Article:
Perspective taking

Perspective taking

. 2 min read

The kids and I talk about perspective a lot. In terms of an architectural print Caleb is working on, in terms of their own art project, of a story I'm reading to them, who's talking, what do we know and not know from the narrator, of the history books we read. We try to take different perspectives on the same story. To see things clearly from other angles.

"That's not right," they might say about something, usually from our studies in history or bedtime.

"Well, now, that depends on your perspective."

And then we wrestle, we talk.

Perspective, in it's Latin root, means "to look at closely," or "to see through."

Taking someone else's perspective, finding a different one is an act of imagination.

The world these days feels loud, close, and scary. There are many different voices coming at us from on our phones on social media, the news, our own thoughts and opinions. The inundation of information isn't always easy to sort through and with the erosion of civil discourse in our world, it feels safest and best to hunker down into our ideological bunkers and only talk to the people who agree with us or say nothing at all.

We miss the courageous, creative act of taking the long walk around to try and see someone else's perspective.

I try to do this in the heat of an argument with the Captain.

I try to do this in the grocery store check-out line behind the woman hissing at her children between clenched teeth while fumbling for another coupon. (There are days I AM that woman.)

I try to do this with the online presence of hundreds of friends and family.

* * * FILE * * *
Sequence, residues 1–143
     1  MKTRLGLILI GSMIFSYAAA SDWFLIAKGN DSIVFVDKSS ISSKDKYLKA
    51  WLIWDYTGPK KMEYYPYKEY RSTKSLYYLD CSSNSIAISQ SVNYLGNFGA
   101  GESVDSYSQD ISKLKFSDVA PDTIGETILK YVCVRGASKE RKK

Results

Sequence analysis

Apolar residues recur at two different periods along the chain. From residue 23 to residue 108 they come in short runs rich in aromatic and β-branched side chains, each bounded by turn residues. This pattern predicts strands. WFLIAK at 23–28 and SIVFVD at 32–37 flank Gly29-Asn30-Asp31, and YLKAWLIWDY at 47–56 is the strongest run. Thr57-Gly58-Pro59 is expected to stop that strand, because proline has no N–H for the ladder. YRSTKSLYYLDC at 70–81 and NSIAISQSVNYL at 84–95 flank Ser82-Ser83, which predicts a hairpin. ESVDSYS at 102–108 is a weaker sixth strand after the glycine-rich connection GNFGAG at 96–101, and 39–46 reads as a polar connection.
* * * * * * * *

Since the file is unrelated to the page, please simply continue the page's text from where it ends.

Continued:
I start with assuming the best. I can't always see things how they see it, my eyes are mine and theirs are theirs and we can't swap. My perspective is shaped by my individual upbringing, my past experiences, my race & it's privilege, my socioeconomic status, the places where I'm from, my faith, my education. I cannot pry those out of myself. Just like theirs. But I can take the long-walk around to try and imagine things from someone else's perspective. Or, better yet, I can ask them how they got there. You learn a lot about people when you ask, openly, "how did you get there?"

And then listen.

Divested of context, of who the people are, what they've gone through, where they started, it's easy to react instead of respond to the snippets of information we get. And everything is going down in pre-digested sound bites and grabby headlines. Without a relationship to the truth—the hard facts, and how different people intrepret and relate to them—it's impossible to see clearly yourself, let alone try to see the oppposing side.

It's a subersive act, these days, to read deeply and listen carefully.

The practice of perspective-taking acknowledges that we are all connected and sustained by something greater than ourselves. That people are worth the expense of time and imagination to dig in and see. The closest ones, the farthest ones.

To take the long-walk around and see from someone else's perspective,

-I assume the best.
-Ask "How did you get there?"
-What stories do you believe?
-Which ones are you telling about yourself?

For more reading, check out Braving the Wilderness by Brené Brown, and Difficult Conversations: How to Discuss What Matters Most by Douglas Stone, Bruce Patton, and Sheila Heen.